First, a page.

- What is the difference between a direct lender and a mortgage broker?
A direct lender originates mortgage loans and funds the loans. Many times direct lenders have more flexibility with guidelines and approvals. Mortgage brokers on the other hand originate mortgage loans, but do not fund the loans directly. Wholesale banks fund the loans that mortgage brokers originate. Mortgage brokers are often more familiar with the local market and can provide a wider range of mortgage products since they work with multiple wholesale lenders.
- Is a local mortgage specialist better than a national mortgage specialist?
A local mortgage specialist is most familiar with the local real estate market. Since real estate is local, not national, there are benefits to working directly with a local specialist.
- Do I need equity to refinance?
Each loan program has different requirements when it comes to equity. Traditional or conventional mortgages require a maximum of 80% LTV (Loan to Value). There are programs that do not require equity and allow for a refinance with negative equity. Negative equity means the value of the property is less than the loan on the property. Programs such as HARP, FHA Streamline, VA Streamline refinances allow for upside down homeowners to refinance and take advantage of lower interest rates without equity.
- Is a fixed loan better than an adjustable rate mortgage?
It depends on how long you anticipate staying in the loan. If you plan to keep the loan for a few years only, and adjustable rate mortgage allows you to have a lower payment and interest rate than you would otherwise qualify for with a fixed loan. If you plan to maintain the new loan for longer than the fixed period of an adjustable loan, then a fixed loan may make more sense. If you are looking for the peace of mind to not worry about rate changes, then a fixed loan is a much better choice.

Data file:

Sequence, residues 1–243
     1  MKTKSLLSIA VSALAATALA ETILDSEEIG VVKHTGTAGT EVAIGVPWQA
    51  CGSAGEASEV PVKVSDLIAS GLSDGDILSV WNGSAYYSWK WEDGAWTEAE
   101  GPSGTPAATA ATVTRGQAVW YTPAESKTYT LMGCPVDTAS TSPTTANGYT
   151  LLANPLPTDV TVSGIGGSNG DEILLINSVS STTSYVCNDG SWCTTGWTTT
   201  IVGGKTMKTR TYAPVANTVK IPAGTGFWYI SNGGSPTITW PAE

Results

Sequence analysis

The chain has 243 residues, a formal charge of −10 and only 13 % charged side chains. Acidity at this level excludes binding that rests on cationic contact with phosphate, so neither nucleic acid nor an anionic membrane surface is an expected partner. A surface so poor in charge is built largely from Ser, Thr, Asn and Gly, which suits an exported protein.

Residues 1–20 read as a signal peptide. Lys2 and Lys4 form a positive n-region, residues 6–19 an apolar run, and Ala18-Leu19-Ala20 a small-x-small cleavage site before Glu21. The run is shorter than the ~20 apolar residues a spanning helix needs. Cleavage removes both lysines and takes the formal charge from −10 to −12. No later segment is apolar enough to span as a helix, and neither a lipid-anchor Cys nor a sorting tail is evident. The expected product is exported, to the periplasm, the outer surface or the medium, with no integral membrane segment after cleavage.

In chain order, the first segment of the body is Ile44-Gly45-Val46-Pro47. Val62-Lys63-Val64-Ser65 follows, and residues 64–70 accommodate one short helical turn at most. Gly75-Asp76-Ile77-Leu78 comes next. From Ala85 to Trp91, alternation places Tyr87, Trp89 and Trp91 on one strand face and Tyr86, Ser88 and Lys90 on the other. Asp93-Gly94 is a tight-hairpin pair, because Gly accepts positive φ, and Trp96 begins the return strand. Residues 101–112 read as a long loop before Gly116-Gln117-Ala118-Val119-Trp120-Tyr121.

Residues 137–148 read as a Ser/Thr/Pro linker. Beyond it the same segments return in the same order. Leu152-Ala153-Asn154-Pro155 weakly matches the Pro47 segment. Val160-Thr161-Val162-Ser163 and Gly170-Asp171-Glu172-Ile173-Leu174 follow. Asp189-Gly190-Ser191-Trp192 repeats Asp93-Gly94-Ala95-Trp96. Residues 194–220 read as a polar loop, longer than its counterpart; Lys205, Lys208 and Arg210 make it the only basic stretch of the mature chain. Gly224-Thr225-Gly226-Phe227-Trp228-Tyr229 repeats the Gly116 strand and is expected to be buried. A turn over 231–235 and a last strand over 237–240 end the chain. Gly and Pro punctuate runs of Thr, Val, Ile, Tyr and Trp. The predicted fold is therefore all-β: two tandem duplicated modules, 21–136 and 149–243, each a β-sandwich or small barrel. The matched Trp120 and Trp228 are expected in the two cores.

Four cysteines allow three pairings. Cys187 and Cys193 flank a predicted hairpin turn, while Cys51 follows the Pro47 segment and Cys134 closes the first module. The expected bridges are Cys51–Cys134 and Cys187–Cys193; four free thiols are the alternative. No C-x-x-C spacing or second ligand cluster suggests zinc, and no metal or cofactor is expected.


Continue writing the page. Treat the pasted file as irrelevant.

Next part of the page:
- What documents do I need to have available to refinance?
Depending on the program you are applying for, each program has different document requirements. For all programs it is best to have your most current mortgage statement, credit status, income documentation available. Not all programs require income documentation, but it’s a good idea to have these available if necessary.
- Are there fees associated with the new loan?
There are fees associated with a refinance; however, these fees may be included in the loan. If there is equity available, the fees may be included in the loan for no out of pocket money. There may be an option to include fees in the interest rate offered above par to offset cost without increasing your loan amount. The last option is to pay for origination fees at the time of closing.
- Do I need a new appraisal in order to refinance?
Appraisals are necessary for certain programs including conventional loans. Certain programs do not require an appraisal and no equity is needed to refinance. These programs include HARP, FHA Streamline, and VA Streamline refinances.
- What is the difference between the note rate (interest rate) and APR?
The interest rate is the actual rate or note rate on the mortgage loan. This is the only interest rate on the loan. The annual percentage rate is not actually an interest rate, rather it calculates fees associated with the loan and puts them in terms of a interest rate. Assuming all other factors of the loan are equal, an APR allows the borrower to compare fees associated with the loan. The note rate (interest rate) is the only rate on the loan.
- When looking to purchase a home should I apply for a mortgage before or after selecting a property?
Many times it is best to get a pre-approval from your mortgage lender to provide to your Realtor prior to selecting a property. This way your Realtor knows exactly what she is working with as far as purchase price and you know the payments will be comfortable. Once you find the property that meets your needs, you can then apply for a mortgage approval to finance the selected property.